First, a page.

Man-Thing (2005) Movie Review

Of all the characters in the Marvel Universe, you have to wonder why Lion’s Gate chose Man-Thing, a lower tiered comic book character, to make into a movie. Unless you’re a die-hard comic book fan, it’s doubtful you’ve ever heard of the character; and even if you did used to read comics, it’s even more doubtful you’re a fan of this particular one. For whatever reason, Lion’s Gate did decide to make the plunge, and the result is a surprisingly good effort.

In “Man-Thing”, former big city lawman Kyle Williams (Matthew Le Nevez) has arrived in the town of Bywater , Louisiana to assume the post of sheriff. He’s looking forward to a quiet tenure in the tiny haven that borders the local swamp, but quickly discovers an alarming amount of disappearances that were covered up by his predecessor, who himself also mysteriously vanished. Kyle’s problems are compounded when bodies turn up in gruesome states of disrepair, with plants appearing to grow out of the decaying corpses.

The locals place the blame for the string of attacks on alligators and a renegade Indian, but Williams isn’t so sure. His investigation eventually uncovers the truth: It seems that an ancient Seminole spirit has risen from the depths, angered over the desecration of the swamp by a greedy oil company. Man-like in appearance but covered in vegetation, the creature possesses supernatural powers and feeds on its victim’s fear. It’s up to the new sheriff and a beautiful environmentalist (Rachel Taylor) to put a stop to the Man-Thing’s rampage.

Usually when a film sits on the shelf for almost two years, it’s a sure sign that it’s not particularly good, but “Man-Thing” manages to buck the trend, being both an atmospheric and entertaining horror movie. Helmer Brett Leonard turns in one of his best directing jobs to date, giving the movie an eerie feel that constantly holds the audience’s attention. Leonard also does a wise thing by moving the film along at a rapid pace that leaves little time for the audience to question the plausibility of what they’re watching. Comic book scribe Hans Rodinoff turns in an equally good screenplay, allowing for plenty of gory deaths and suspenseful moments. The titular Man-Thing gets a makeover, transformed from a little known comic book character from the 70′s into a frightening and powerful force that can appear almost anywhere without warning.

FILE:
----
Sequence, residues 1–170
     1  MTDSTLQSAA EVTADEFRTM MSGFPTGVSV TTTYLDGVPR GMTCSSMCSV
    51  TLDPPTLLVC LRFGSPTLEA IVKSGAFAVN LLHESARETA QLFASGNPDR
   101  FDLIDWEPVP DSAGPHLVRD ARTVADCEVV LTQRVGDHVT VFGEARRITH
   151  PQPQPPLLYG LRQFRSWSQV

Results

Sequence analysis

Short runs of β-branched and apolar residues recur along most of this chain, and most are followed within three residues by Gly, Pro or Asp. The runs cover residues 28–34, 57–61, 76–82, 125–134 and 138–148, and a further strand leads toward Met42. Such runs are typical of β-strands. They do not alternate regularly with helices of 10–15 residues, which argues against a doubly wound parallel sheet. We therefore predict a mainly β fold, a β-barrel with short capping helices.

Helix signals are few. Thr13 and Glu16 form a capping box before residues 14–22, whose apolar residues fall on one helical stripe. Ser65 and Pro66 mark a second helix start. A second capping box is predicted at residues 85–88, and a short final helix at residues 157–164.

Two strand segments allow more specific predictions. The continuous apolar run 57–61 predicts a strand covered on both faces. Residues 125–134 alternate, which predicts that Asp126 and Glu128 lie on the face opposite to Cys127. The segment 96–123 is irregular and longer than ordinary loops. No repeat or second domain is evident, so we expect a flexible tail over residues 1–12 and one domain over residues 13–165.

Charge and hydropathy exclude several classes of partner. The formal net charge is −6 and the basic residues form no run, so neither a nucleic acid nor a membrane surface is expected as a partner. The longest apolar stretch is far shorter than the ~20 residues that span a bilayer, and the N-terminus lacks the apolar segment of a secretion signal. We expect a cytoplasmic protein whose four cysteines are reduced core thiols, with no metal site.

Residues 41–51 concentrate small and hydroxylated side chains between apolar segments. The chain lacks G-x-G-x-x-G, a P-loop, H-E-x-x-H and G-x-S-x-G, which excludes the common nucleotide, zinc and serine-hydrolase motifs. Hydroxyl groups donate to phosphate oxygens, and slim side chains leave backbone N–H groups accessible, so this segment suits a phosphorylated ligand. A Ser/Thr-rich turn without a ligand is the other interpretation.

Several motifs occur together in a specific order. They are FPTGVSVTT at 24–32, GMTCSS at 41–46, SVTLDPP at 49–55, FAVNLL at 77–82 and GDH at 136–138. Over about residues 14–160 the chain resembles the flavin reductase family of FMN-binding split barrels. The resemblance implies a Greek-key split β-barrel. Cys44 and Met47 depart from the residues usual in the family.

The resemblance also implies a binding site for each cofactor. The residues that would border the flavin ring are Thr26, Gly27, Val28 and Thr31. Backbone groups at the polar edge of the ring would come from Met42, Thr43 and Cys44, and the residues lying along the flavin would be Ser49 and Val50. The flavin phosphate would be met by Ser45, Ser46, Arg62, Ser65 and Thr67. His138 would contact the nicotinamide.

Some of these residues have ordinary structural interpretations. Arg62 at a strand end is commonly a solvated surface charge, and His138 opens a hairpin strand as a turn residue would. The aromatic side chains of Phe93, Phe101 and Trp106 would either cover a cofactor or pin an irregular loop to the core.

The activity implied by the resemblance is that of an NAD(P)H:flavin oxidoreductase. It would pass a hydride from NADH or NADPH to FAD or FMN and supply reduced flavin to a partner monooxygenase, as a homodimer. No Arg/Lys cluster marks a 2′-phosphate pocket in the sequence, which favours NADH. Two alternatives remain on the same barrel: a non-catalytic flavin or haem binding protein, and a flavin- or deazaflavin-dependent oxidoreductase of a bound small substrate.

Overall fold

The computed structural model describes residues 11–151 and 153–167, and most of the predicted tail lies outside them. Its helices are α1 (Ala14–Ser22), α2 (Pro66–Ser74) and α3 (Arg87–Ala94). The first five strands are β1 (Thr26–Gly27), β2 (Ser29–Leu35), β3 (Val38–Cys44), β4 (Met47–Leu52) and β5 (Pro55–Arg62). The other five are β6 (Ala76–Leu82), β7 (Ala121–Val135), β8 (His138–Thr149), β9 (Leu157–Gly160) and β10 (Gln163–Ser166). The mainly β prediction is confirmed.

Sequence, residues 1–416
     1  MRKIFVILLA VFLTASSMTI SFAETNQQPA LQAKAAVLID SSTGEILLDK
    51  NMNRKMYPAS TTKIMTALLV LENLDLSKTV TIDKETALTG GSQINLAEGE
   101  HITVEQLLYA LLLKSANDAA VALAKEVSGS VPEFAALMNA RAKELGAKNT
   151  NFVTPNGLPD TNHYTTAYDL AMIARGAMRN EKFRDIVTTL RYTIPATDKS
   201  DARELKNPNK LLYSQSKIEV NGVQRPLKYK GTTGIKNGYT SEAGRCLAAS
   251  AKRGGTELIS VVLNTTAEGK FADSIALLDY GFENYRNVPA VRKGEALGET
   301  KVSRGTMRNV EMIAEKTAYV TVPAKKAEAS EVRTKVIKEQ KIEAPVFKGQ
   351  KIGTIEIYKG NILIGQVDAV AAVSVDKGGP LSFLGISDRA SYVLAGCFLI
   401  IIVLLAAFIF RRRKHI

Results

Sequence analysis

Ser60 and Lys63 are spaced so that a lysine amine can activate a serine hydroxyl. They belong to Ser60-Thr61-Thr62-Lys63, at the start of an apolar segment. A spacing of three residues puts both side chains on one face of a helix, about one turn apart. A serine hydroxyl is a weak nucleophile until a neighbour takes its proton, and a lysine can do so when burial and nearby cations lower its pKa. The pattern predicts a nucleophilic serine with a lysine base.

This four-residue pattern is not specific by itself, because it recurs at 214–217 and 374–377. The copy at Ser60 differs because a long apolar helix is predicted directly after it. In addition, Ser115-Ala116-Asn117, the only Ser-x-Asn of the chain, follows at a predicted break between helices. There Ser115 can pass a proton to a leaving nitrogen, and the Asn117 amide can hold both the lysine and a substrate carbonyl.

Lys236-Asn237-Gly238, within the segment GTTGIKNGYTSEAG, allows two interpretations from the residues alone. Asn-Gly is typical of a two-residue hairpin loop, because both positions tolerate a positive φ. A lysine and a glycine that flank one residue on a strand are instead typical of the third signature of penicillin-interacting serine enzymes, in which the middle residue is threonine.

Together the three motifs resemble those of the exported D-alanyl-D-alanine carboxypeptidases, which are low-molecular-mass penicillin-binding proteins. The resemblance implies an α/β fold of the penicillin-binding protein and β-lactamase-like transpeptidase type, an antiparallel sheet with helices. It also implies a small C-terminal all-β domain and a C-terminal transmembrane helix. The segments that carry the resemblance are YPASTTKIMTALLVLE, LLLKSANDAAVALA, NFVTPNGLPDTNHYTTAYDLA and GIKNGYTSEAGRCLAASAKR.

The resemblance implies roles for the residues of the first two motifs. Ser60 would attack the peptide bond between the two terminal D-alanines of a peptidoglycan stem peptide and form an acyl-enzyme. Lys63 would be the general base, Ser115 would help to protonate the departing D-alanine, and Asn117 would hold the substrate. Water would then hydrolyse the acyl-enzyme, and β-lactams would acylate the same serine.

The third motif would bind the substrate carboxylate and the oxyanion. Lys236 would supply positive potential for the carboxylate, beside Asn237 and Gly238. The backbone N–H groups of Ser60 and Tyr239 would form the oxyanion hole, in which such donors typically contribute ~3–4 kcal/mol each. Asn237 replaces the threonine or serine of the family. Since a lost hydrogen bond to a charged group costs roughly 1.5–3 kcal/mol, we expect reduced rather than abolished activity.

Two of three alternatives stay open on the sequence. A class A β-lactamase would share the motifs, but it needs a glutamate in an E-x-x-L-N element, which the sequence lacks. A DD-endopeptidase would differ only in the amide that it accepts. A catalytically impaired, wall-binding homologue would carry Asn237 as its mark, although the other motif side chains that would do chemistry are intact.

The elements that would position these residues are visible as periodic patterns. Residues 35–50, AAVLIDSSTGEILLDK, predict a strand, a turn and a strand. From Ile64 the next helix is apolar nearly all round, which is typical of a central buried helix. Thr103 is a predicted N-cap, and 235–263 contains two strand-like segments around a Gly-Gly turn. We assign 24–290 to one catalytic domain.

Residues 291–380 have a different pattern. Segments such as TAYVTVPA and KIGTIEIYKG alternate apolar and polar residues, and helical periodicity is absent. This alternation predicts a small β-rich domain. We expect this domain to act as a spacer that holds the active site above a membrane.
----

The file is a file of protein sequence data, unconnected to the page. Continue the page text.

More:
As Sheriff Williams, Matthew Le Nevez is good as a man expecting an easy job, but instead finds himself fighting for his life and the people he’s sworn to protect. In many instances, you can see the concern and determination play across Le Nevez’s face, as he confronts a foe no one has met and lived to tell the tale. Rachel Taylor is decent as the environmentalist who teams up with Williams, but she only delivers an occasional spark and is useful mainly as eye candy. And sharp-eyed viewers should be on the look-out for director Brett Leonard in the small but pivotal role of Val Merrick.

“Man-Thing” does have some glaring faults, one of which is Man-Thing itself. We’re told the creature exists solely to avenge the ecological rape of its home, but it seems to kill indiscriminately, taking out anyone it comes across. That discrepancy in script logic lowers Man-Thing from a hero of nature to just another murderous monster. Another huge problem is the film’s set design. Instead of looking like an actual swamp setting, it instead looks like the producers decided to film the movie at a local botanical garden. For a film with a $30 million dollar budget, “Man-Thing” should at least look like it takes place in an actual swamp, or at least a much more decent facsimile.

Nevertheless, “Man-Thing” exceeds expectations thanks to excellent direction by Brett Leonard, a good lead performance in Matthew Le Nevez, and a sharp, if sometimes illogical script by Hans Rodinoff. Horror fans and fans of the comic books in general will probably want to check out this version of the Marvel superhero, and those who don’t fit into the two categories might still want to join them anyway. With some voluntary suspensions of disbelief, “Man-Thing” can prove to be quite enjoyable.

Brett Leonard (director) / Steve Gerber (character), Hans Rodionoff (screenplay)
CAST: Matthew Le Nevez …. Kyle Williams
Rachel Taylor …. Teri Richards
Jack Thompson …. Frederic Schist
Rawiri Paratene …. Pete Horn
Patrick Thompson …. Jake Schist


Buy Man-Thing on DVD



About Joseph Savitski

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Joseph is a contributing writer for BeyondHollywood.com and ScifiCool.com, where he critiques movies, television, and books. He lives in PA, and obsessively loves movies, books, and the New York Yankees.

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